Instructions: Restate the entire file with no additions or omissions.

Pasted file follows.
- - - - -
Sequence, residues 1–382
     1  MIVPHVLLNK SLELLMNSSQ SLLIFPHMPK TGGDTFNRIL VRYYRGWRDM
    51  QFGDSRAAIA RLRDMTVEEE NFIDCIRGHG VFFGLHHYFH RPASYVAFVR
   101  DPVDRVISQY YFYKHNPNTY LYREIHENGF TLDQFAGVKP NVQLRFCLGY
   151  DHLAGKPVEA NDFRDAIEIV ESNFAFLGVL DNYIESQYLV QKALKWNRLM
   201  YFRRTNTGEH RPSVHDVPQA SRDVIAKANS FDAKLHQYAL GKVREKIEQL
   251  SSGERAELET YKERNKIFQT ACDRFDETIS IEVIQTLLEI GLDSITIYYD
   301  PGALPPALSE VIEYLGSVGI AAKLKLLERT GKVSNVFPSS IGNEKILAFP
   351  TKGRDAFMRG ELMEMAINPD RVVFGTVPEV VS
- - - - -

Sequence, residues 1–382
     1  MIVPHVLLNK SLELLMNSSQ SLLIFPHMPK TGGDTFNRIL VRYYRGWRDM
    51  QFGDSRAAIA RLRDMTVEEE NFIDCIRGHG VFFGLHHYFH RPASYVAFVR
   101  DPVDRVISQY YFYKHNPNTY LYREIHENGF TLDQFAGVKP NVQLRFCLGY
   151  DHLAGKPVEA NDFRDAIEIV ESNFAFLGVL DNYIESQYLV QKALKWNRLM
   201  YFRRTNTGEH RPSVHDVPQA SRDVIAKANS FDAKLHQYAL GKVREKIEQL
   251  SSGERAELET YKERNKIFQT ACDRFDETIS IEVIQTLLEI GLDSITIYYD
   301  PGALPPALSE VIEYLGSVGI AAKLKLLERT GKVSNVFPSS IGNEKILAFP
   351  TKGRDAFMRG ELMEMAINPD RVVFGTVPEV VS